A Social Science in Africa Fit for Purpose

Where is the ‘real politics’ of political management in all this? African scholars first destination is history or political ethnography: documenting what actually happens. This is vital but grossly undervalued. It is done principally by country experts working for think-tanks like the International Crisis Group and the Carnegie Endowment. For sure, these institutions do some superb analysis, and their senior staff can move into academic positions. But it is extraordinarily hard to build a career based on knowing what is really happening a country, especially if it happens to be your own country.
Alex De Waal shares a lecture with plenty of ideas on how social science research could thrive in African contexts.

Responsible self-promotion: negotiating the relationships between self and Other, myself and ‘my’ work

I am not a public intellectual and I do not wish to become one. But I do share some of their privileges, not least the privilege of being offered, and granted, platforms on a regular basis. I have also, on many occasions, found myself in a position of being asked to speak for or over the Other, as part of discussions about ‘my’ work. Too many times, I have slipped up and done it. This makes me question myself and my work, and what it means to promote either. What is it responsible for me to talk about? How far should I stray beyond my own areas of expertise and the research work I have done? What are the boundaries between discussing this research, offering my opinion, and ventriloquising other people’s experiences? I need to ask these questions consistently, to improve my academic and political praxis. I need to be mindful of the relationships between self and Other, and the boundary between myself and ‘my’ work.
Alison Phipps reflects on the challenges of being an engaged researcher and academic and the pressure to perform as a 'public intellectual' between 'elderly statesman' reflections and the pressure for soundbites and opinions you know less about.

The Morning After: anthropology and the Ebola hangover, by Anne Menzel and Anita Schroven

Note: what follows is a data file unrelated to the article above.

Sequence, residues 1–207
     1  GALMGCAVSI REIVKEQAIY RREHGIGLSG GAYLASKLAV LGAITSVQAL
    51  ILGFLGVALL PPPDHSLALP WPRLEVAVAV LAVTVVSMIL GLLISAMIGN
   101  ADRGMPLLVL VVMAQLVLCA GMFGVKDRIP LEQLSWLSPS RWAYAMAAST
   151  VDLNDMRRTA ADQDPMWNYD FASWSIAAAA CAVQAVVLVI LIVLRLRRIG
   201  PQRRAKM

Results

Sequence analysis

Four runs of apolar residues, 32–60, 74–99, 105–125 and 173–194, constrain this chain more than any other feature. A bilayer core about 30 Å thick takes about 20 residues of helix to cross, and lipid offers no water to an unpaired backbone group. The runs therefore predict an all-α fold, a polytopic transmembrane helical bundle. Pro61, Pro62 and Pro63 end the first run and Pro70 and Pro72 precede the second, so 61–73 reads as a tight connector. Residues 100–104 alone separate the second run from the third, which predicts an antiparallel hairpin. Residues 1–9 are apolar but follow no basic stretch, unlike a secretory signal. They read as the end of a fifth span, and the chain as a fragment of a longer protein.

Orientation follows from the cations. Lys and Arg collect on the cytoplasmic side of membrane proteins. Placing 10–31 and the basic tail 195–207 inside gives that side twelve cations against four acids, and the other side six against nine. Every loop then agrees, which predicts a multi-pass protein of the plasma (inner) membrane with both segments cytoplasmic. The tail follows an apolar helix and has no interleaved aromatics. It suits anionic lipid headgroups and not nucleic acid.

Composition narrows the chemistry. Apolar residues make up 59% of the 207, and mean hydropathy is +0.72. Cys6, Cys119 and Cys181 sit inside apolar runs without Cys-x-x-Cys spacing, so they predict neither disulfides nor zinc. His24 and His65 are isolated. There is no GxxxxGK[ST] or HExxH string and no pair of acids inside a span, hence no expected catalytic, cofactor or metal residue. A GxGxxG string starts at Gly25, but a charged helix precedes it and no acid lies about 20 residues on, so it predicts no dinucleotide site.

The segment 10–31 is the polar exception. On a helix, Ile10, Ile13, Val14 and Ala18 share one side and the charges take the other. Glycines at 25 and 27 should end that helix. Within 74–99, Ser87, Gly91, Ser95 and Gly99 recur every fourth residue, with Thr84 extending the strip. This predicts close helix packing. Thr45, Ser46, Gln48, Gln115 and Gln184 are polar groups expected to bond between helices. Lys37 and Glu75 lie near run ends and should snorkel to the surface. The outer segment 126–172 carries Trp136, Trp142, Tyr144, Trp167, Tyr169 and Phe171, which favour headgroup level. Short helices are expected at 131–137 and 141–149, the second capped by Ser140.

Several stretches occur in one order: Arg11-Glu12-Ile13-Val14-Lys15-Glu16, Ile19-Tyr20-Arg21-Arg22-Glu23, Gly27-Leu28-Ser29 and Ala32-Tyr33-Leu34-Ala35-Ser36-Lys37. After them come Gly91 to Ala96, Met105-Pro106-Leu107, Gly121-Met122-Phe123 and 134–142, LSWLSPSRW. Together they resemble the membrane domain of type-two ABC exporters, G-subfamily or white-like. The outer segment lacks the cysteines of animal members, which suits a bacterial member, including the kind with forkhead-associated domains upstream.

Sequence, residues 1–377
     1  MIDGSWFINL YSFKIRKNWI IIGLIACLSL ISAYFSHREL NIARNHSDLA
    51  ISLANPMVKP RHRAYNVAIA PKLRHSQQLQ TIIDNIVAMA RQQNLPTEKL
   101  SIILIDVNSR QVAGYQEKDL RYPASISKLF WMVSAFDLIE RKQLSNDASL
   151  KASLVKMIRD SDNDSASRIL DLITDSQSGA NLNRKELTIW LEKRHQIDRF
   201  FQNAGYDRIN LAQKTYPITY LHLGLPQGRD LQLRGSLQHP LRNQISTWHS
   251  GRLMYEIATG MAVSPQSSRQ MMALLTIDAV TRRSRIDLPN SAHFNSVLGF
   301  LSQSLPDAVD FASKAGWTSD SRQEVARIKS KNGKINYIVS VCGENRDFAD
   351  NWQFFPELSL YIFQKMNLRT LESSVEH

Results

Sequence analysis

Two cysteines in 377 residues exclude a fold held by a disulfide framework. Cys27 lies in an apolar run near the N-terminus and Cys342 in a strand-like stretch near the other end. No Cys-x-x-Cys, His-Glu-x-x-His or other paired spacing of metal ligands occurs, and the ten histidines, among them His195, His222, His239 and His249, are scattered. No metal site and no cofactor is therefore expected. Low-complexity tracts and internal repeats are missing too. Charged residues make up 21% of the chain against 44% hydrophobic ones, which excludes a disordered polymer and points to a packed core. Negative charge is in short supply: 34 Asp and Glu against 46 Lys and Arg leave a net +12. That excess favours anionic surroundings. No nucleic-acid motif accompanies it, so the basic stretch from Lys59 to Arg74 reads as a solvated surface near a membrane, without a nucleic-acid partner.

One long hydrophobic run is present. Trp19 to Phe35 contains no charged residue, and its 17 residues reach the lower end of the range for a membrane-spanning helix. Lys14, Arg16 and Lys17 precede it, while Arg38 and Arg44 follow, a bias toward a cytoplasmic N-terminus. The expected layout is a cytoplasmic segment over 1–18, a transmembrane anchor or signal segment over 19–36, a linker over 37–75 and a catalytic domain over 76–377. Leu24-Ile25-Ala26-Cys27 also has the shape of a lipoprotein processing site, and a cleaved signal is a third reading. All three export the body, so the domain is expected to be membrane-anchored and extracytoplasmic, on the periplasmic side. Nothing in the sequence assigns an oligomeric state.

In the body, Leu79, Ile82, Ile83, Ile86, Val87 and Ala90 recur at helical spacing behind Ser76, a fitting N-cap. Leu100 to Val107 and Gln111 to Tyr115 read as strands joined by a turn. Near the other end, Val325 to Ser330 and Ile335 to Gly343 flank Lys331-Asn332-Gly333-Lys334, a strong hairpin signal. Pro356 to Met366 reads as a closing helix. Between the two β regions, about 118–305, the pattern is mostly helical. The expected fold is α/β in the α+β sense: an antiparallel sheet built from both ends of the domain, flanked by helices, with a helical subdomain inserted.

This kind of reduction implies that effective Ebola interventions – first humanitarian assistance and then development and reconstruction efforts – will produce solutions and generate actual improvement for the lives of Sierra Leoneans, Guineans, and Liberians. The fact that such projects, programmes, reforms etc. are certainly not new to the region and, especially in post-war Sierra Leone and Liberia, have been ongoing for more than a decade has so far not nearly disturbed the policy oriented picture as much as it should. While some have pointed out that humanitarian and development aid have been coproducing the disastrous state of national and local health systems, it is worth asking why and how exactly these insights do not translate into more widespread and actually practiced scepticism vis-à-vis established actors, agencies and practices. Why, we would like to ask, has it remained so immensely difficult to break with the improvement of improvement measures that have been producing much less than desirable results. Ebola and the anthropological engagement with the humanitarian response certainly offer promising fields for empirical inquiries into this question.
A very long essay by two anthropologists who write about the 'end of Ebola' in some African countries and how anthropologists need to continue to engage with aid, development and buzzwords of 'resilient' health systems.